A federal judge disagreed with a pro-life group that is concerned it will be forced to pay for abortion-causing drugs under the HHS Mandate in Obamacare.
The pro-life group Real Alternatives, based in Pennsylvania, filed a lawsuit against the Obama administration concerning the mandate and its compelling portions that require religious groups to pay for drugs that may cause abortions. The HHS Mandate has been a hotly-contested section of Obamacare with Hobby Lobby leading the battle against it in the most high-profile of the dozens of lawsuits filed against the mandate.
Real Alternatives, which provides abortion alternatives in Pennsylvania and elsewhere, field suit to protect itself and its employees form the mandate. But Judge John E. Jones III of the United States District Court for the Middle District of Pennsylvania sided with the Obama administration and dismissed their case despite their claim that their religious freedoms were violated.
Real Alternatives had excluded contraceptive care from its health insurance plan since 2008, and was able to continue doing so until 2014 because its plan was “grandfathered” against requirements of the ACA. But the insurer eventually opted to discontinue the plan, and after 2014 Real Alternatives was unable to buy coverage that didn’t include contraceptives.
One of the goals of the the Real Alternatives suit was to obtain a court order to allow it to obtain coverage that doesn’t include contraceptives.
One of the Real Alternatives arguments dismissed by Jones was that the government has no legitimate purpose in mandating people to have benefits they don’t want or won’t use.
Jones wrote, “Time and again, courts have found a government interest to be compelling even when it does not achieve a benefit for each and every member of the population. Not every person who pays into social security receives or desires its benefits. Not every person who pays taxes receives unemployment benefits, welfare, or a myriad of other services offered by the government through citizens’ tax money.”
Jones also addressed what he called an “issue of great sensitivity” — that an employee’s health plan covers a whole family, and there might be disagreement within the family over contraception.
Kevin Bagatta, the director of Real Alternatives, told LifeNews.com he is “very disappointed with this ruling.”
“Real Alternatives, a secular, nonreligious, nonprofit company, administers programs on behalf of three states to operate pregnancy and parenting support services programs to assist women to choose childbirth instead of feeling they have to have an abortion. Real Alternatives believes the science is undeniable that abortion ends the life of a human person and as a matter of conscience is wrong,” he said.
Bagatta continued: “The government is forcing Real Alternatives to purchase insurance coverage that covers devices that can cause an abortion. This government requirement forces Real Alternatives to violate its stated mission and its underlying purpose for its existence.”
The decision comes even as the Supreme Court has been siding with a number of religious groups suing the HHS mandate.
Earlier this year, the Supreme Court issued an order preventing the Obama administration from forcing a Catholic group in Michigan to obey the HHS mandate that requires them to pay for abortion-causing drugs for their employees. That was the sixth time the Supreme Court has rebuked the Obama administration and prevented it from making such a mandate.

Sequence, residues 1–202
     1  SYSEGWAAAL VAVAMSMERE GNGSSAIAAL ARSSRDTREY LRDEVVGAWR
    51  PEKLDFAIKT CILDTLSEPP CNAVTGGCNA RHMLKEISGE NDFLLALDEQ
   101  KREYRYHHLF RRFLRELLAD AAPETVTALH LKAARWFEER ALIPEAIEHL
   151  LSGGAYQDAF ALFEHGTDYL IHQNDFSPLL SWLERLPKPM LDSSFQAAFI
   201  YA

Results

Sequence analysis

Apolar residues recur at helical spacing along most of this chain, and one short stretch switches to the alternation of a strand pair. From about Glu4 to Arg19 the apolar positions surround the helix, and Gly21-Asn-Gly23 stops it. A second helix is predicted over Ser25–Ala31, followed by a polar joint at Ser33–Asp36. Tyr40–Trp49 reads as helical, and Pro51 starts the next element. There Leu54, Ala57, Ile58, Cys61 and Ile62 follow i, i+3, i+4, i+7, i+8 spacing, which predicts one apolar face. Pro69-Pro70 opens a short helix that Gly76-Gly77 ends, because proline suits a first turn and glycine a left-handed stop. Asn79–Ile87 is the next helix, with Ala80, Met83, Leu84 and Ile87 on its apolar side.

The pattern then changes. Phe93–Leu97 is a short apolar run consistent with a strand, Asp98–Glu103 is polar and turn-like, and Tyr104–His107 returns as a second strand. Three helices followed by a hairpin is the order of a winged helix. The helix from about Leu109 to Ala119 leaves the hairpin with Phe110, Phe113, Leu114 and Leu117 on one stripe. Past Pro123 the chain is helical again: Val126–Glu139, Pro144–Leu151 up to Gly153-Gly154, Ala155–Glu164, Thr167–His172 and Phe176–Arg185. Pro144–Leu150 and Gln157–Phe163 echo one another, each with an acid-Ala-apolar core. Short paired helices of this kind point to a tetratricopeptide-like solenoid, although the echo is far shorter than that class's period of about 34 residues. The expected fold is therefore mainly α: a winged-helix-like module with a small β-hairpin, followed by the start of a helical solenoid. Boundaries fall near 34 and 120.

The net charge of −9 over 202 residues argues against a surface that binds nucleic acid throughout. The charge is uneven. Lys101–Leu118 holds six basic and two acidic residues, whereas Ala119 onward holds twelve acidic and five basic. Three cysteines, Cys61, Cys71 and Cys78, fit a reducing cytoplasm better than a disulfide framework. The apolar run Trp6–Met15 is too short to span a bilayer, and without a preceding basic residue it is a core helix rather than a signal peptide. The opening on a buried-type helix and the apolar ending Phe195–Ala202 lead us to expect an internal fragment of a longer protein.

“The government keeps making the same bad arguments and the Supreme Court keeps rejecting them – every single time. This is because the government can obviously come up with ways to distribute contraceptives without the forced involvement of Catholic ministries,” said Mark Rienzi, Senior Counsel of the Becket Fund for Religious Liberty, which filed an amicus brief in the case. “As with the Supreme Court’s decisions in Little Sisters of the Poor and Hobby Lobby, this is a strong signal that the Supreme Court will ultimately reject the government’s narrow view of religious liberty. And it makes it less likely that lower courts will accept arguments the Supreme Court has rejected over and over and over again.”
As the Becket Fund noted, the Michigan Catholic Conference and other Catholic ministries brought their request to the Supreme Court after a surprising lower court decision that would have allowed large IRS fines against the ministries because they, based on their religious beliefs, cannot provide contraceptives and abortion-inducing drugs in their employee health plans. The federal government has relied heavily on that decision in courts around the country, arguing that it should be able to impose similar burdens on religious ministries like the Little Sisters of the Poor.
A December 2013 Rasmussen Reports poll shows Americans disagree with forcing companies like Hobby Lobby to obey the mandate.
“Half of voters now oppose a government requirement that employers provide health insurance with free contraceptives for their female employees,” Rasmussen reports.
The poll found: “The latest Rasmussen Reports national telephone survey finds that 38% of Likely U.S. Voters still believe businesses should be required by law to provide health insurance that covers all government-approved contraceptives for women without co-payments or other charges to the patient.
Fifty-one percent (51%) disagree and say employers should not be required to provide health insurance with this type of coverage. Eleven percent (11%) are not sure.”
Another recent poll found 59 percent of Americans disagree with the mandate.